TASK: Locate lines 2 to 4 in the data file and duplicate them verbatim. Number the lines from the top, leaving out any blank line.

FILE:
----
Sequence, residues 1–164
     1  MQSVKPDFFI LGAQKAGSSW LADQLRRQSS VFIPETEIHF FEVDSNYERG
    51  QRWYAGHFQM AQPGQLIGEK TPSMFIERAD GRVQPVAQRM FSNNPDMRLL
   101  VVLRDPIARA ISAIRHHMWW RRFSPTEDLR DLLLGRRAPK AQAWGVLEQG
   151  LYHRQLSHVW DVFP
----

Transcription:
     1  MQSVKPDFFI LGAQKAGSSW LADQLRRQSS VFIPETEIHF FEVDSNYERG
    51  QRWYAGHFQM AQPGQLIGEK TPSMFIERAD GRVQPVAQRM FSNNPDMRLL
   101  VVLRDPIARA ISAIRHHMWW RRFSPTEDLR DLLLGRRAPK AQAWGVLEQG